Here is the Aux ballast port - the idea stolen from @jcyamaharider - with a quick connector, plumbed to one of four pumps in the wet compartments underneath. That space is a remnant of where the stern light mount used to be (for anchor light - which is on the tower):


Here is the temporary "wand" with the Aux switch - still haven't decided where to mount it, need to know the best locations for Aux bags first, so that is still open (the hose going up connects to the Aux port w/quick connector):


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swatski

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Oh - and regarding vents - I was planning on maybe adding those but so far really like the system without the vents. It lets me fill the bags to capacity as they squeeze into the compartments and I can also suck the bags completely dry - which is great!

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John Mcpartland

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Oh - and regarding vents - I was planning on maybe adding those but so far really like the system without the vents. It lets me fill the bags to capacity as they squeeze into the compartments and I can also suck the bags completely dry - which is great!

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Awsome!! Thanks for the info, im about to get 3 of the WM kits with the venting. I was thinking of venting in the back lockers by the pumps
 

swatski

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Awsome!! Thanks for the info, im about to get 3 of the WM kits with the venting. I was thinking of venting in the back lockers by the pumps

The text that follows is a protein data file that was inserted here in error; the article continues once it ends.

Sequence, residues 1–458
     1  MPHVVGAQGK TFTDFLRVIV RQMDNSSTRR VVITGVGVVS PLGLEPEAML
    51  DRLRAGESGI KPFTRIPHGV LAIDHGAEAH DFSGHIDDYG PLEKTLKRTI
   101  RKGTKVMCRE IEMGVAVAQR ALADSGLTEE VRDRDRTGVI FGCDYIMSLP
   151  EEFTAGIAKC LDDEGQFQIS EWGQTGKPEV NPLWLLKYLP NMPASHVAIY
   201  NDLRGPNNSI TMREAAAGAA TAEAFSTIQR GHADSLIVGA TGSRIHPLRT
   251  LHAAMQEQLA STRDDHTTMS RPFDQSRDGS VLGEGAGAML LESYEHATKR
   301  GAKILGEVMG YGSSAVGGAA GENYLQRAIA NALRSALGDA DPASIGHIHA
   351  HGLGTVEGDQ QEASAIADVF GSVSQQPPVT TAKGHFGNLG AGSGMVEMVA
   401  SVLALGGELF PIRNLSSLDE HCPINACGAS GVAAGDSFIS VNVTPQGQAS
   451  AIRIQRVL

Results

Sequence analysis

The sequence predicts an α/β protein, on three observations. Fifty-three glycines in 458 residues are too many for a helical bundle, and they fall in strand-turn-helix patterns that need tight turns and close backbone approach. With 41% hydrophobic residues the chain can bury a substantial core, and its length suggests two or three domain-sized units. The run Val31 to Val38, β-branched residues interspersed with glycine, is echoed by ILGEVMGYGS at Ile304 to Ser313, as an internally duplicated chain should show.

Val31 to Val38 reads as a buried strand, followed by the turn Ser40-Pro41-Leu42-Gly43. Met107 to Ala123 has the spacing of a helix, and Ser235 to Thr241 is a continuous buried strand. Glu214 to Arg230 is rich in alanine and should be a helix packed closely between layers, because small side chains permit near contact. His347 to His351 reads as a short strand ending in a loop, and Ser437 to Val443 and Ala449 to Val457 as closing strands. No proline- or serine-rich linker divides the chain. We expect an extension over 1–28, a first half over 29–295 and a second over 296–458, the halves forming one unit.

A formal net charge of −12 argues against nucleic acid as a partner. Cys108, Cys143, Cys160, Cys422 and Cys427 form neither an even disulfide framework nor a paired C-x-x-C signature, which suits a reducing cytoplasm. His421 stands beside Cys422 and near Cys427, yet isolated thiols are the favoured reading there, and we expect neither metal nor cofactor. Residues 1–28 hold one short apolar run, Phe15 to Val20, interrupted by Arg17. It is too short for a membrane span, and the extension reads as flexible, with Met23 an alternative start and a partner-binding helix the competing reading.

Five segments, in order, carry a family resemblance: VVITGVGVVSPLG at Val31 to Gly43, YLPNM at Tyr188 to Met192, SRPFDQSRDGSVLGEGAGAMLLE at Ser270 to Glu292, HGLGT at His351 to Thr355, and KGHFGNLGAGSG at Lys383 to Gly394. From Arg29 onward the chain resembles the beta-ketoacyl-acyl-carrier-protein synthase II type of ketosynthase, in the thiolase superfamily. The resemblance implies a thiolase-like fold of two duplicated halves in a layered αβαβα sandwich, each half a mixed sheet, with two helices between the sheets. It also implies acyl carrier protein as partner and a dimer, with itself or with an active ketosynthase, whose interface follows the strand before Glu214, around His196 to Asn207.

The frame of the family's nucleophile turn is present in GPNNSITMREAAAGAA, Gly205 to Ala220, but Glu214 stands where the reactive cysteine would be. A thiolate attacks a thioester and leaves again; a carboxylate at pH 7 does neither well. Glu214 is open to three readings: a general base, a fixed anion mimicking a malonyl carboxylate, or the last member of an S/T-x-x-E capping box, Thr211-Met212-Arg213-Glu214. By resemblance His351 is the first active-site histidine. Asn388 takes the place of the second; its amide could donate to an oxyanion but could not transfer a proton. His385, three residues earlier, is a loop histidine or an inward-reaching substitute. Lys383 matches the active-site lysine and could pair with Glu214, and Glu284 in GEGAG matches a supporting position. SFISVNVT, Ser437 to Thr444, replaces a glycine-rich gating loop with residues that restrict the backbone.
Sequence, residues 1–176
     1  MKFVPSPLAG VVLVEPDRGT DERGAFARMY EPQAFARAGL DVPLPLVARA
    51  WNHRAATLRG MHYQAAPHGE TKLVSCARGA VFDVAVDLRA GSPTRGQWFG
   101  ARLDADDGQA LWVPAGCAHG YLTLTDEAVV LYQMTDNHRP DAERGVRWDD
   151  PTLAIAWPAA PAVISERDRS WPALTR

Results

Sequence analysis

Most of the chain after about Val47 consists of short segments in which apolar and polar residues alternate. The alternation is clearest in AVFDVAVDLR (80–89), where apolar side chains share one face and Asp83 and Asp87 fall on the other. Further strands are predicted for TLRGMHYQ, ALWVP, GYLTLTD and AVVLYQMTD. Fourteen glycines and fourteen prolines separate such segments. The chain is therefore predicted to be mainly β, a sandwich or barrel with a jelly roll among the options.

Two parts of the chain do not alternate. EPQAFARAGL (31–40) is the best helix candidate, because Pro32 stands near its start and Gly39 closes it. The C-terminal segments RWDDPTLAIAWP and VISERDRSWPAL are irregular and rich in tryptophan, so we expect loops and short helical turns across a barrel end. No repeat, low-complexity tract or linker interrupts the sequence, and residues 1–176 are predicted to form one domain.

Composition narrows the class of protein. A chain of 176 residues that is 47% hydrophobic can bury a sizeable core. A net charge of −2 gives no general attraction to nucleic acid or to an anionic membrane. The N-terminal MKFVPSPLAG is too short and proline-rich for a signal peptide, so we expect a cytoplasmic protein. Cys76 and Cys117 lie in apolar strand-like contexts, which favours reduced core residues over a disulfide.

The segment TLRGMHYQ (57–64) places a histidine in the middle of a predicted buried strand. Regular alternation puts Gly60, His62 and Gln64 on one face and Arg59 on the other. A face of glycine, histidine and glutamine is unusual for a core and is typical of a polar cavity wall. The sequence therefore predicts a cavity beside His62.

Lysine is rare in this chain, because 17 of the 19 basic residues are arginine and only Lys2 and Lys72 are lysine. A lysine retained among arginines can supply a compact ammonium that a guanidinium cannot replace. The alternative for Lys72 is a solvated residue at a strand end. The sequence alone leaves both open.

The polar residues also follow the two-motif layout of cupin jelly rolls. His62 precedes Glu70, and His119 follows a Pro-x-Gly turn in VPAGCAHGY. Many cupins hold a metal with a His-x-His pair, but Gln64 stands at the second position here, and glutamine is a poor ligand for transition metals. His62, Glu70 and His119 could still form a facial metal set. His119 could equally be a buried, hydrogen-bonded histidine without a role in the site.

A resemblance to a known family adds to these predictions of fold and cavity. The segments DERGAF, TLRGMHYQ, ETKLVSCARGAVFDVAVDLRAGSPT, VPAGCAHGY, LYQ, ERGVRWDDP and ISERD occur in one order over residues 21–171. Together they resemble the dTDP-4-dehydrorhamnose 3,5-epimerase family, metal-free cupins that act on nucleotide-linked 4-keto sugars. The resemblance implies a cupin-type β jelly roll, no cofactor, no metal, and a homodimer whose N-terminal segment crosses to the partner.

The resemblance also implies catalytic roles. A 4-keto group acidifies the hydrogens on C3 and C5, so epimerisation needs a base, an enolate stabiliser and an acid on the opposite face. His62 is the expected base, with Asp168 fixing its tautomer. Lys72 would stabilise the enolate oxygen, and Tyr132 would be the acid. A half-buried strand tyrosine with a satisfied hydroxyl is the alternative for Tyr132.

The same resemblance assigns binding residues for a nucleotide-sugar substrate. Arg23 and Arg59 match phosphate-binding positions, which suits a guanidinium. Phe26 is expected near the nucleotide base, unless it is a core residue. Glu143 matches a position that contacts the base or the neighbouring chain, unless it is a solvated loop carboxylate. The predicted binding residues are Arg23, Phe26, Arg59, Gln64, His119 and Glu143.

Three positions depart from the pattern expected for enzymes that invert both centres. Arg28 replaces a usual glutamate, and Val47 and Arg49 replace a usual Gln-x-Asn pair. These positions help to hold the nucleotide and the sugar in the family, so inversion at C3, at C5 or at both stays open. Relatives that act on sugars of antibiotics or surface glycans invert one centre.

Just make sure you place the vents the opposite (side of the hull) to ballast, otherwise there may be issues with siphoning and draining with the boat listed, it can be very annoying.

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John Mcpartland

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Oh - and regarding vents - I was planning on maybe adding those but so far really like the system without the vents. It lets me fill the bags to capacity as they squeeze into the compartments and I can also suck the bags completely dry - which is great!

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I didn't think of the pressure. Makes sense that they would only fill up to a certain point then the vents would let the water out and not fill to full capacity
 

nate kennedy

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@swatski where did you get your thru hulls? I don’t recall seeing those on wakmakers website? I think I saw it or one that looks similar but says in the description suitable for vent or drain above the water line.

Thanks
 

swatski

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@swatski where did you get your thru hulls? I don’t recall seeing those on wakmakers website? I think I saw it or one that looks similar but says in the description suitable for vent or drain above the water line.

Thanks
I think that's it - what you found, but let me look it up and I will post later to confirm what exactly did I use, keep in mind I chose NOT to use the bronze intakes and valves - I didn't really see the point. My intakes are still the most solid through-hull fixtures in my boat, hehe! (- if you know what I mean, sadly, LOL). Price difference was not an issue, I just wanted to keep the ID as large as possible and worried about structural issues (due to bronze intake/valve weight).
If you go with bronze intakes/valves (and want to keep the ID even close to 1") IMO you will need to reinforce the hull. The FRP is just way too thin and too brittle to support those heavy valves with a small surface support the intake's flange provides. If you must have a valve at the intake (mine are inside the pumps, up in wet storage) - I would go with the plastic ones that Yamaha also uses - I'll try to find the part, it's listed in parts fiches for X models.

Also, keep in mind my system survived a Bimini trip, and it was a rough one last year. I also regularly boat in pretty rough water on the river. Going on one year - with zero concerns about those intakes and their structural integrity (with large heavy valves I would be freaking out). It's a better way to do it, I think (KISS).